An arc blast and an arc flash are related, but there is a distinction between the two. What is each one about? How do their dangers differ? Here’s a look at the difference between arc blast and arc flash.
Understanding an arc flash
This occurs due to an electrical failure, which can result in an explosion. Electricity escapes from the system where it is being used and travels through the air to another conductive point. The arc flash can reach temperatures four times the surface of the Sun. This, of course, can cause severe burns to anyone near the area. In addition, metals and other objects can melt or catch fire.
Understanding an arc blast
The arc blast is the shock wave that is created from an arc flash. In many cases, it occurs when a tool or conductive object passes close to electrical conductors. This blast can be extremely powerful, so it can launch all kinds of objects into the air at high speed. Even the pressure itself can result in significant damage to the human brain, organs, and other parts of the body. The event is distinctive by flashes that resemble an explosion. People can also be sent flying, which can lead to impacts with other things nearby. The strength of an arc blast will depend on how powerful the arc flash will be and the amount of pressure created.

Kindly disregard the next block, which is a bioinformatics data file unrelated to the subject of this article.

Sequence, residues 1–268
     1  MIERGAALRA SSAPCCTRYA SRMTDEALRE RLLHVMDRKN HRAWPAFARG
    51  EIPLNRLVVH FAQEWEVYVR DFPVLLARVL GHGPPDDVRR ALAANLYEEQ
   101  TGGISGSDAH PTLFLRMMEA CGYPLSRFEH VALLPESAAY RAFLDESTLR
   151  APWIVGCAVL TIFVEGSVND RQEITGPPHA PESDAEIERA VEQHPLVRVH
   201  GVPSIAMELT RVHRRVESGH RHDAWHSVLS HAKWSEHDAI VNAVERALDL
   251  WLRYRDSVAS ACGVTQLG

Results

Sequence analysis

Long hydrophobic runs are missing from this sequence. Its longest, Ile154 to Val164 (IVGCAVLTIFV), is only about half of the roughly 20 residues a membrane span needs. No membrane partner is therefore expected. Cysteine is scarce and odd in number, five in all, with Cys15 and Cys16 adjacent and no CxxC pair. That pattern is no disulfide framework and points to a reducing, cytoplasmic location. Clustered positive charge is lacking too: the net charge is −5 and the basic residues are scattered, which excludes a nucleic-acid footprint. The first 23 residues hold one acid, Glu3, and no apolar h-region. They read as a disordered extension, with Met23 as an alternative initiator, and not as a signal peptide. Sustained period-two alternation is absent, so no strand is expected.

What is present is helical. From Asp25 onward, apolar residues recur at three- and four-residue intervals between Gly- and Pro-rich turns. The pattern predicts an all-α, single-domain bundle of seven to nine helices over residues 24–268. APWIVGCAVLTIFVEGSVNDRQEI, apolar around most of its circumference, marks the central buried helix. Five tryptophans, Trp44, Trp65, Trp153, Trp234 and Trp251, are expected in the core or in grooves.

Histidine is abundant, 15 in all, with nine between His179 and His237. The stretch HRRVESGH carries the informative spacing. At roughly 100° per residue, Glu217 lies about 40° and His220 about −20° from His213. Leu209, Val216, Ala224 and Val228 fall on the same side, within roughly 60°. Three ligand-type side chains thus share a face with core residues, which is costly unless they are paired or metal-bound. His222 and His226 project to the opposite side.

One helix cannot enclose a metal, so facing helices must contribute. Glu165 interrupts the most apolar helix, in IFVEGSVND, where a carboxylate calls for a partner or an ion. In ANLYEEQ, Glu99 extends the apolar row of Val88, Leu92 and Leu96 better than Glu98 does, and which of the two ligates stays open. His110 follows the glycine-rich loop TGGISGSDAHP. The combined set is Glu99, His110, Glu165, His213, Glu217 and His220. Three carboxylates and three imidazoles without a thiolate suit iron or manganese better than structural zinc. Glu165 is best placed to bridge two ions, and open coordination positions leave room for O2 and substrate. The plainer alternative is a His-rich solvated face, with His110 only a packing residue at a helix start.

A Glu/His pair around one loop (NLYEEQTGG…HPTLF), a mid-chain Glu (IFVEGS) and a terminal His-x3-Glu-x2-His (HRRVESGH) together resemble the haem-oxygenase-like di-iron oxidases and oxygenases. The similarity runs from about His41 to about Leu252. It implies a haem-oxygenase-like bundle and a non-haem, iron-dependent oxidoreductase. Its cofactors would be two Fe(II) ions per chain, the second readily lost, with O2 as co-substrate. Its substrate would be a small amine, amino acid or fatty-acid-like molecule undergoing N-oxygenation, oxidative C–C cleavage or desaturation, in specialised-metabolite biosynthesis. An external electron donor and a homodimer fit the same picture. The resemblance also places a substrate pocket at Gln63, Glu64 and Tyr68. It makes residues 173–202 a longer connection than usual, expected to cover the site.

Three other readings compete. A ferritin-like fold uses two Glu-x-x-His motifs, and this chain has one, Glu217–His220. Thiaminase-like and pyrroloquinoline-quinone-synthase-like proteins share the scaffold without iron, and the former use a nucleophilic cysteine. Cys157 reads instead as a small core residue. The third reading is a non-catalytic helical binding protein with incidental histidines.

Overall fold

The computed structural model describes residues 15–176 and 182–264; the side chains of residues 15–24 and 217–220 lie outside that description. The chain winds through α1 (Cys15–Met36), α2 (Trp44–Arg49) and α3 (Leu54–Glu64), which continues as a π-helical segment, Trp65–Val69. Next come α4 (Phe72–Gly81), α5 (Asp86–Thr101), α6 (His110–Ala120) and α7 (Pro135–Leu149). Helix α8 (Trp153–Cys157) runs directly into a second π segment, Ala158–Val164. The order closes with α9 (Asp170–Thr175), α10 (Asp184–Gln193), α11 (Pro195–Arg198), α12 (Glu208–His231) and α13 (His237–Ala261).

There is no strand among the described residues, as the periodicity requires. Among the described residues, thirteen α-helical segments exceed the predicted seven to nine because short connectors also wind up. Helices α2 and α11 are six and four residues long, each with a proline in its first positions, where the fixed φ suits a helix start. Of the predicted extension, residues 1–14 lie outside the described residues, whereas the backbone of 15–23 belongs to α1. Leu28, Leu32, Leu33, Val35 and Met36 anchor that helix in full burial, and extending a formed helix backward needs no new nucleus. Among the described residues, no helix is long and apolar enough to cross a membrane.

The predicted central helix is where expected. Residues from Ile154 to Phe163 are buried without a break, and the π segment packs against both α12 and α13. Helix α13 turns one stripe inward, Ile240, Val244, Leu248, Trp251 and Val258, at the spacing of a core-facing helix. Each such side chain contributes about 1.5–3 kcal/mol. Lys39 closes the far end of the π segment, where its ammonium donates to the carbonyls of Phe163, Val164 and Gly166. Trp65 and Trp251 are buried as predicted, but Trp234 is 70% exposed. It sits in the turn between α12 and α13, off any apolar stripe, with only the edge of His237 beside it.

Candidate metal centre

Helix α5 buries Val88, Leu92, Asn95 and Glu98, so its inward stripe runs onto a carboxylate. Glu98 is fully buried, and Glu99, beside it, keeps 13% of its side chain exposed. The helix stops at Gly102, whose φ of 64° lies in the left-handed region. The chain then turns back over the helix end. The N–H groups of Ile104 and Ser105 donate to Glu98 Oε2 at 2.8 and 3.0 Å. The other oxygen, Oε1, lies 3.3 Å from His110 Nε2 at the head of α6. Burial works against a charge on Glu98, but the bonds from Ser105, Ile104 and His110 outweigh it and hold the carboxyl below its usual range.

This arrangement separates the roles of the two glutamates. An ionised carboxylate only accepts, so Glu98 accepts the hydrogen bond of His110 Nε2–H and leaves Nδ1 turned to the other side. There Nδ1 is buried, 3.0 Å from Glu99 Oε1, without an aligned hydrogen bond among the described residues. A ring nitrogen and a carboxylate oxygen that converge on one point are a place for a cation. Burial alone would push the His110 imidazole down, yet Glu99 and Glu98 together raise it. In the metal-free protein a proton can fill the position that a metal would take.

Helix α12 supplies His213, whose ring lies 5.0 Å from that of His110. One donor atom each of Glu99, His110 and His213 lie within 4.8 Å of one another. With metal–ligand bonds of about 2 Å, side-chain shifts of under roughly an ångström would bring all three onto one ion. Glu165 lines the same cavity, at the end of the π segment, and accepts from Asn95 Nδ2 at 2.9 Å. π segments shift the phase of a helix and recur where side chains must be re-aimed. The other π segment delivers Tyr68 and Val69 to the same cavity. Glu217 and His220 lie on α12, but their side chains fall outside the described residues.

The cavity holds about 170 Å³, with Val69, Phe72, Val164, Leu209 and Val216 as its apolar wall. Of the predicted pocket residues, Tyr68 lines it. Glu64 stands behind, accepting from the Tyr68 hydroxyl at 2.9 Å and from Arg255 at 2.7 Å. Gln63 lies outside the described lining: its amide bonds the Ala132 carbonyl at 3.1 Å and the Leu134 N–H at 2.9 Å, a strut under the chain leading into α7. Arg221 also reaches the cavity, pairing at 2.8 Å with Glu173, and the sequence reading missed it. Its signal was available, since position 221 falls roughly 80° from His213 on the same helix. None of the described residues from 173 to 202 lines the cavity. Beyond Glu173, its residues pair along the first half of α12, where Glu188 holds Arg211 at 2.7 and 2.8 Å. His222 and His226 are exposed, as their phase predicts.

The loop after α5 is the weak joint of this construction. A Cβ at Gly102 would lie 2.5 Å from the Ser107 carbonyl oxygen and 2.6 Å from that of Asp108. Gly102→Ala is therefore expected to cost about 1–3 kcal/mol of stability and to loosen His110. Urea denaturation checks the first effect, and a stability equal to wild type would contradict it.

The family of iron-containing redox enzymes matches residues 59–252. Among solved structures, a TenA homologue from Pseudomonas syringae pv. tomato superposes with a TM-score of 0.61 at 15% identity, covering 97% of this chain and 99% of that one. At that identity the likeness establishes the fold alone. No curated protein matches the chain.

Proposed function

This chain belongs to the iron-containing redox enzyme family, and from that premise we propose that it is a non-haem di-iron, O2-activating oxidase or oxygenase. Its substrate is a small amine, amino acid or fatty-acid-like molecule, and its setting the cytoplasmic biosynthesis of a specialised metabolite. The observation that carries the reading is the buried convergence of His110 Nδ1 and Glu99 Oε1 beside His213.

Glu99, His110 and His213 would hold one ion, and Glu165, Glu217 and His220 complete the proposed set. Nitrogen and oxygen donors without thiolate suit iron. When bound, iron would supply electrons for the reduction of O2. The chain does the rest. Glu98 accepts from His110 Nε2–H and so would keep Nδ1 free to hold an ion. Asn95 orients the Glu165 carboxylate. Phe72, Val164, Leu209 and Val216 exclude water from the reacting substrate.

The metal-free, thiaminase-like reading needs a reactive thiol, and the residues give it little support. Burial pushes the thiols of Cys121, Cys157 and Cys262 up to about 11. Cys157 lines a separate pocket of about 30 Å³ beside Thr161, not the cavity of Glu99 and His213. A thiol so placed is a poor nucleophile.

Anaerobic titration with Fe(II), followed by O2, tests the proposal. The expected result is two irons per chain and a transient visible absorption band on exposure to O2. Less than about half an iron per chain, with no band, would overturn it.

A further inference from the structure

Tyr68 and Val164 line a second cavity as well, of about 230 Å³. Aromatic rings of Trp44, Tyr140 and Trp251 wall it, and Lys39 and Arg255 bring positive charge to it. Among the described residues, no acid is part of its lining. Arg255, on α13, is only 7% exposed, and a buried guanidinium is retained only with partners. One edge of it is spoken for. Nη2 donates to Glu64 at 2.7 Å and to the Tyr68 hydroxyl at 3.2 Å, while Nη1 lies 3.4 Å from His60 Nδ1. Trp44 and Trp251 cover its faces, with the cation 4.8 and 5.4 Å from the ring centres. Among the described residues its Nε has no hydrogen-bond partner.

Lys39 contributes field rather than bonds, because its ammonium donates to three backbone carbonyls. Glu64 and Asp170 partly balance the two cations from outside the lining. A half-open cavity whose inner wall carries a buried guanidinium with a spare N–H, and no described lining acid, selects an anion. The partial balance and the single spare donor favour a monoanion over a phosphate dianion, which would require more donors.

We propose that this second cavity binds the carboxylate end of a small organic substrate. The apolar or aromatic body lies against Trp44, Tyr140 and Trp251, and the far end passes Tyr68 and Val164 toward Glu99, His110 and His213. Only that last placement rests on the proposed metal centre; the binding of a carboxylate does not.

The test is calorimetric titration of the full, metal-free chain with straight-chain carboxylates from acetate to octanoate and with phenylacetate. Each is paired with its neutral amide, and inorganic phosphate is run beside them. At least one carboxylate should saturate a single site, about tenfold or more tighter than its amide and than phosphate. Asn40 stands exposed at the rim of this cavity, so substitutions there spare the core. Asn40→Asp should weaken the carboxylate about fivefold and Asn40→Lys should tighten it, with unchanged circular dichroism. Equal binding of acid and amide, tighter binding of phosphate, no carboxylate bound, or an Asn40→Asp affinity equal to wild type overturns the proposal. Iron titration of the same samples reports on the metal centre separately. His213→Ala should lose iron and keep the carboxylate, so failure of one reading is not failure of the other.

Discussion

When a powerful arc flash occurs, the arc blast will be unavoidable. This combination creates a particularly dangerous situation for those in the area, as well as for the facility where the incident takes place. The arc flash can melt nearby metals, while the arc blast can send them flying. This creates an extremely dangerous environment, so it is important to have a safety plan in place for these situations.
Dangers of an arc flash / arc blast
Here is a list of the different risks posed by these incidents:
- Shrapnel: drops of molten metal are projected at speeds greater than 1.126 km / h, so they can easily penetrate any personal protective equipment.
- Extreme temperatures: Arc flash and arc blasts can generate the highest temperatures ever recorded on Earth, up to 20,000 ° C.
- Sudden air expansion: all known materials vaporize at these temperatures. The rate of expansion is comparable to a piece of copper the size of a pea expanding to the size of a car. The pressure of the impact can throw workers into the air.
- Fatal burns: these can occur even if the worker is several meters away. Clothing can also catch fire if the proper protective equipment is not worn.
- Hearing loss: an arc blast can have a sound magnitude of 140 dB at half a meter away, so the loss of hearing can be permanent.
Recognizing the hazards associated with arc flash and arc blast helps workers understand why the use of personal protective equipment is so important when handling energized electrical equipment. Similarly, knowing the difference between arc flash and arc blast offers the possibility of designing prevention strategies.
Do you know? When an arc flash study is outdated or incomplete, your employees are at risk.